The simple act of carrying her son in her arms that week of August 29th, allowed me to enter into an introspective dialogue within myself. That's when I realised that (a) I'll cross that bridge if and when I come to it (b) my child will be precious to me no matter what.

A child isn't a convenience that you can discard at will, especially because it "fails" our standards of perfection in some way.

This is 2008, not 1008.

We've advanced sufficiently so that every human being can realise its potential...especially if they have an intelligent parent who can help their child to do so.

That's when I realised that God put this ex-Headgirl on this earth not to worry if her child will not be an academic go-getter, but that He gave her those brain cells to USE them to come up with solutions.

My fancy educational degree is of no use to anyone, if its bearer is a narrow-minded, dismissive human being who just cares about her ego and what people will think of her children.

So you know, come what may, God willing I will use the brains God gave me, and open my heart to any of life's circumstances.

If nothing else, this is one of Governor Palin's gifts to me personally.

The gift of example.

Labels: ,


  • It's brave of you to admit this.

    Man in his best state is altogether vanity.

    And in some ways, the highly intelligent are especially susceptible to a particular kind of vanity.

    But all children are different and challenging in their own way.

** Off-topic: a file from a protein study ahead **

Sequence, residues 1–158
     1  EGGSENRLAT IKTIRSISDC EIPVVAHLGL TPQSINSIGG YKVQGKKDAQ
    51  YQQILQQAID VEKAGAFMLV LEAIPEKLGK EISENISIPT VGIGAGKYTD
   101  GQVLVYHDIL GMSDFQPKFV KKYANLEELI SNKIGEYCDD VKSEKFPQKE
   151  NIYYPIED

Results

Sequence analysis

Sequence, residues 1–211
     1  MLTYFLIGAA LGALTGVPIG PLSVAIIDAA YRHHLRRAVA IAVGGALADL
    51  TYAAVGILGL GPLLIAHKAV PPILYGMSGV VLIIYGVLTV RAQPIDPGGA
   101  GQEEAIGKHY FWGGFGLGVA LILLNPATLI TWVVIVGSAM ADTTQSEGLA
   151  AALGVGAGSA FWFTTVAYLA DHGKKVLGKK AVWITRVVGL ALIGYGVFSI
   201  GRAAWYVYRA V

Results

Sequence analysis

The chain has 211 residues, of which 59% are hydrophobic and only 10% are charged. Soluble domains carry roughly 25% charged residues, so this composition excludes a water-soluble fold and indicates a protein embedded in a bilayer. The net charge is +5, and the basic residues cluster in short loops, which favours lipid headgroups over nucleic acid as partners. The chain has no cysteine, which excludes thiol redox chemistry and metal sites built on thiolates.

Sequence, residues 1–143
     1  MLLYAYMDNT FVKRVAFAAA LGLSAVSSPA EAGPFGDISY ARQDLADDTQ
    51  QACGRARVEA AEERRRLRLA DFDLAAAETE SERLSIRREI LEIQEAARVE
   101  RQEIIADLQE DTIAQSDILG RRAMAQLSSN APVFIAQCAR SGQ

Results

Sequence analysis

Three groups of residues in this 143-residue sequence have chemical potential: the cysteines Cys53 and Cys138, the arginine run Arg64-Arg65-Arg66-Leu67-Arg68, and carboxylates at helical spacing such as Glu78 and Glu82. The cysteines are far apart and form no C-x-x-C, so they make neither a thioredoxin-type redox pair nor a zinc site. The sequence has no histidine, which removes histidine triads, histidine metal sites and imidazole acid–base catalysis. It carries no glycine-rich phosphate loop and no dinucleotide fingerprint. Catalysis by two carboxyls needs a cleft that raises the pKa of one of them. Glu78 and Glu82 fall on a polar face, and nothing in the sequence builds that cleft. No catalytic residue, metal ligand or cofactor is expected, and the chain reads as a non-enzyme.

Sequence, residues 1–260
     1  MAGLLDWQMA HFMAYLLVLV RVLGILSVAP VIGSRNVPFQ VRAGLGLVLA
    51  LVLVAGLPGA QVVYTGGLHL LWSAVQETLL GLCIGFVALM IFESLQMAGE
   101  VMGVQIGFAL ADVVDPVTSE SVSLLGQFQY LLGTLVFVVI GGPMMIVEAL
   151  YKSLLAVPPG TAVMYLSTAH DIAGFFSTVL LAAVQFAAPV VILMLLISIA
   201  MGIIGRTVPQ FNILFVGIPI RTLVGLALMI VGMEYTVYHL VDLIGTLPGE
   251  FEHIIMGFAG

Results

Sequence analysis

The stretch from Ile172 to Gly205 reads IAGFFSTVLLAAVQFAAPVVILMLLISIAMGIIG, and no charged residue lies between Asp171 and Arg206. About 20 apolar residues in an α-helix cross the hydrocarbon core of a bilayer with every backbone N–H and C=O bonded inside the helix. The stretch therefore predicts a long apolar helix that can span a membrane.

By Blogger blake, at Sat Oct 18, 05:09:00 am GMT-4  

  • This was lovely, Vic. You're an admirable lady, for reasons other than just your intelligence.

    I'll admit to having had similar fears myself, despite my own congenital defect. Seeing Gov. Palin with Baby Trig has made them melt away. God gives us the strength we need, if we don't close our hearts to it.

    By Blogger Bekah, at Sat Oct 18, 02:58:00 pm GMT-4  

  • This is 2008, not 1008.

    True, but when your time comes, I hope you are blessed with an old fashioned King’s choice , perfect in every way.

    By Blogger chickenlittle, at Sat Oct 18, 05:00:00 pm GMT-4  

  • A great post, and I second every word of it.

    I do have to admit that I had an LOL moment when I read "ex-Headgirl"...

    ...It took me a moment to realize that you meant what we in the States call a valedictorian...

    I have to confess that it wasn't even close to the meaning of the term that first occurred to me...

    Just thought you might get a chuckle out of that yourself :)

    By Blogger Jim, at Sat Oct 18, 05:52:00 pm GMT-4  

  • Nice post.